Michaelmas goose ‘spells prosperity for coming year’

The feast of St Michael and All Angels was traditionally celebrated as Michaelmas on September 29 in most of the UK (in Suffolk it is marked on 4 October and in Norfolk on October 11) by eating a well-fattened goose. It is the first day of the new farming year when tenants would often present their landlord with a goose on paying rent for the quarter.

At many top universities and public schools the expression is still used in referring to the ‘Michaelmas term’. Eating a goose at Michaelmas was deemed to ‘spell prosperity for the coming year’.

The festival is still celebrated in many European countries with Michaelmas goose nowadays regaining popularity across the UK. Michaelmas goose is often known as the ‘green goose’ as the birds would have been fed almost entirely on grass stubble and harvest gleanings – in contrast to the Christmas goose finished primarily on wheat. They are a leaner bird than the Christmas goose which develops more fat with the cold weather.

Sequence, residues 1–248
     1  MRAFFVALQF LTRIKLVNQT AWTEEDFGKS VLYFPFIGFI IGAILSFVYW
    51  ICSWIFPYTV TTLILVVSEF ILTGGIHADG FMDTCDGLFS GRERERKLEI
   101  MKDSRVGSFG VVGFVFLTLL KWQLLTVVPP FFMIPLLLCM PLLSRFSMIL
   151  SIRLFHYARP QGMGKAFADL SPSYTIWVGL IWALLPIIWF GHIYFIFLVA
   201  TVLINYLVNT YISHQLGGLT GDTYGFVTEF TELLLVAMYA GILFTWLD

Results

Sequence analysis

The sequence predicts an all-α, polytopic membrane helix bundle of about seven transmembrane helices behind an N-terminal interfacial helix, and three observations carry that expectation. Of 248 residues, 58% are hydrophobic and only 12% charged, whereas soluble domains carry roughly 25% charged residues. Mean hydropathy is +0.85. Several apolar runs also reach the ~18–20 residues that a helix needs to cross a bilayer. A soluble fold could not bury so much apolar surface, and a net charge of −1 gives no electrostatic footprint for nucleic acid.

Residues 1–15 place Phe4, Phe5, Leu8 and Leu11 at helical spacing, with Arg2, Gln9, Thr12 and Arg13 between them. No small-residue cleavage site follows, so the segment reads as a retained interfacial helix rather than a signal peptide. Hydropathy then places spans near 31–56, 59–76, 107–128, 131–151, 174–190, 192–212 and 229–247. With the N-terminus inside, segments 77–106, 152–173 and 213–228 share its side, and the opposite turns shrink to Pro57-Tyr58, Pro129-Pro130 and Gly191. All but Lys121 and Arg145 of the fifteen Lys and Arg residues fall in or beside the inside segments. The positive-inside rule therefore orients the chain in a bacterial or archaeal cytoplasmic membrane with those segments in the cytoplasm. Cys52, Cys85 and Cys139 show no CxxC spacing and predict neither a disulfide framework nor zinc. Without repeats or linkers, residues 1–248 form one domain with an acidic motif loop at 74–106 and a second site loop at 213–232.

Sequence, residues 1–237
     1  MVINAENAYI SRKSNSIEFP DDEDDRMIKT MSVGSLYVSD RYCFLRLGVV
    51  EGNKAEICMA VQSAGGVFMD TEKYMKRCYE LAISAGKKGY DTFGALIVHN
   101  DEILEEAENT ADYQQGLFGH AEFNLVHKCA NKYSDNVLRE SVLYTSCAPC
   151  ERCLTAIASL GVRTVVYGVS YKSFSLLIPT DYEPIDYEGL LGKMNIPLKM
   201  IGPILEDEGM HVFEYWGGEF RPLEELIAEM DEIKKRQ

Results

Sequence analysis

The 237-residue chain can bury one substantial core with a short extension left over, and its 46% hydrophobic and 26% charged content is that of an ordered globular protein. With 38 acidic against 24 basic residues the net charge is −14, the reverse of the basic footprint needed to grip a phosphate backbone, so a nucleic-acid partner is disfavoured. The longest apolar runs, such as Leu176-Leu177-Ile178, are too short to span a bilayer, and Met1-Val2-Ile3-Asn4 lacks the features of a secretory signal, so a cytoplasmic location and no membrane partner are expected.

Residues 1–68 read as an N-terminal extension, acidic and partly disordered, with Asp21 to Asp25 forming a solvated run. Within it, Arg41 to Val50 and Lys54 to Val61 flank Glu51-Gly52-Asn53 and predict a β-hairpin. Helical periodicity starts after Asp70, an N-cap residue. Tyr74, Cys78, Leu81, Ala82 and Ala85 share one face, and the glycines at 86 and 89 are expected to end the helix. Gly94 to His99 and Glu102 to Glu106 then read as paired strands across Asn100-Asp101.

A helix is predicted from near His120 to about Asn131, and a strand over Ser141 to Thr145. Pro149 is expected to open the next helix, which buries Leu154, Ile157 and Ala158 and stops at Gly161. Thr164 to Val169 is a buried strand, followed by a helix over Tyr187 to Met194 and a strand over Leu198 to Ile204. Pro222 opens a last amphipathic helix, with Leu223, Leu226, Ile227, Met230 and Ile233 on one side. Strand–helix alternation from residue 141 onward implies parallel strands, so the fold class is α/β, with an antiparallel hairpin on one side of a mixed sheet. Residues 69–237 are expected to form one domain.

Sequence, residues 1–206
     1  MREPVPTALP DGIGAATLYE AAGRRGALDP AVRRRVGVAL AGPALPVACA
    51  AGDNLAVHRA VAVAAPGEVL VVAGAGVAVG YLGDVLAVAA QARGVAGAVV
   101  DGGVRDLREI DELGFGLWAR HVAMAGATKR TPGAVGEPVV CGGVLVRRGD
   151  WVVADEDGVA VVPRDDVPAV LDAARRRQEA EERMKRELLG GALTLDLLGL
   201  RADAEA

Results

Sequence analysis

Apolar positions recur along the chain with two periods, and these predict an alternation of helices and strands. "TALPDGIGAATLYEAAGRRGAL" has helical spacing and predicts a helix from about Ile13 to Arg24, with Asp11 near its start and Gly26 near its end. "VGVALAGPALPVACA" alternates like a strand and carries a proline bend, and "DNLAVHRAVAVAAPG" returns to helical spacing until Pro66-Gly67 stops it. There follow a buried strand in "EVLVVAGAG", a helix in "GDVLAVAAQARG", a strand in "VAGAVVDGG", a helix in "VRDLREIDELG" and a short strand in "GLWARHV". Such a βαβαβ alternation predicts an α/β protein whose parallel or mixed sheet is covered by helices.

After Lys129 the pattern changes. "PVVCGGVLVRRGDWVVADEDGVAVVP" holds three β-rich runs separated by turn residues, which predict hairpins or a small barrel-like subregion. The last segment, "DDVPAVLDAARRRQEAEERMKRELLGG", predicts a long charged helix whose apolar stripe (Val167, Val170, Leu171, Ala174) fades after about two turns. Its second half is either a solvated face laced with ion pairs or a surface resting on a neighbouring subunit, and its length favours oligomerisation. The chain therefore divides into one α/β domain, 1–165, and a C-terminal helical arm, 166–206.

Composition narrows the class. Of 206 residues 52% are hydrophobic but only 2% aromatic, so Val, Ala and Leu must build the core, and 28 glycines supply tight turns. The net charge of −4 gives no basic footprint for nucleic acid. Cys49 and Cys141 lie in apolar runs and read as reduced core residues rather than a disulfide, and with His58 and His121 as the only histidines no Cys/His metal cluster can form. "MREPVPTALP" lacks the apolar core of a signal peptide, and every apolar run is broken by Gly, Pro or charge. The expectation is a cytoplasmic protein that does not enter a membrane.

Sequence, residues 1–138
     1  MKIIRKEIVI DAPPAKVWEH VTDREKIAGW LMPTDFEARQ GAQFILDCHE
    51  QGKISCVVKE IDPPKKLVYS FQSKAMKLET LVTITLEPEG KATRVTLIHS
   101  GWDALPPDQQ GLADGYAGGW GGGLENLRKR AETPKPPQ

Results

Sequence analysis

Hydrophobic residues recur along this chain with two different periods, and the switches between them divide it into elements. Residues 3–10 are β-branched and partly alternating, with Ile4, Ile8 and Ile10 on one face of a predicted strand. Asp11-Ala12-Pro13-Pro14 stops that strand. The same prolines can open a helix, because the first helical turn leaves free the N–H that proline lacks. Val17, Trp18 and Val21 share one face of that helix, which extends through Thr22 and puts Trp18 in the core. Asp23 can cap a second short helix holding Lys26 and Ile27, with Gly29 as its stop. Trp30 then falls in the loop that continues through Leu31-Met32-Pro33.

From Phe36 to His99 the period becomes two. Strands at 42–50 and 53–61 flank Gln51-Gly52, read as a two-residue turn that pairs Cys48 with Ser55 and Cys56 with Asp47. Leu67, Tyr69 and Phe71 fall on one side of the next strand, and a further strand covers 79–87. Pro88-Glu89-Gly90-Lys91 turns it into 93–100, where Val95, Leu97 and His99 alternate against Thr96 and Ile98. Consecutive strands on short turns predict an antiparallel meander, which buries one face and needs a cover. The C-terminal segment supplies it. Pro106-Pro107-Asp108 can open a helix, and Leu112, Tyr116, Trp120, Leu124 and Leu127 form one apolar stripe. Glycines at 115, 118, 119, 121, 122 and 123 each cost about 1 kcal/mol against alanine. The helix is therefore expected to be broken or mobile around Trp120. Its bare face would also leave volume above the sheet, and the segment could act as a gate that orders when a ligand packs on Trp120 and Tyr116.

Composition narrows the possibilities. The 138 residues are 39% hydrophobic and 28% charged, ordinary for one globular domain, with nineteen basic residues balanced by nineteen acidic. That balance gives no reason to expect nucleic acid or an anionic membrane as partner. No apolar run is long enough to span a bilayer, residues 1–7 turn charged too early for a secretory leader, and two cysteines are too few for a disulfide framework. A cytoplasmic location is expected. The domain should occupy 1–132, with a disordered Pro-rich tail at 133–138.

Restaurants Reviving Michaelmas Goose

At the Talbot Inn at Knightwick, in the Teme Valley, Annie Clift serves as many as 150 goose meals during the inn’s Michaelmas week. “We run our menu like a 19th-century farmhouse kitchen. That means taking full advantage of food that’s in season,” she said.

In Dorset the Brace of Pheasants at Plush introduces the bird to the menu at Michaelmas and serves confit of goose. “It makes a fantastic dish,” said owner Phil Bennett. “Each year more of our customers discover what a special treat a goose provides.”

The dining room at the Goring Hotel in Belgravia – designed, appropriately, by Tim Gosling – is one of the places well-heeled foodies can taste goose. “We started serving Michaelmas geese five years ago,” said executive chef Derek Quelch. “Within a couple of years goose proved so popular we extended the menu for the whole week. Our customers like it served in the very traditional way with braised red cabbage.”

Debut restaurant at Norwich City College is where a Michaelmas dinner is cooked by students under the expert guidance of Chris Busby, executive chef of Brasteds restaurant. This is part of the month-long Norfolk Food & Drink Festival.

The Horseshoe Inn, Pebbles have held a Michaelmas celebration with a mouth watering six course gourmet menu with goose as the centrepiece. Goose will be on the menu at the Horseshoe Inn most days from Michaelmas until Christmas.

Berry Bros & Rudd who are award winning wine merchants have featured Michaelmas goose at one of their food and wine matching events at their St James Street premises. Diners sample pâté de foie gras, roast goose, smoked goose breast, confit of goose legs, goose consommé and even chocolate brownies made from goose eggs – all matched with fine Burgundy wines.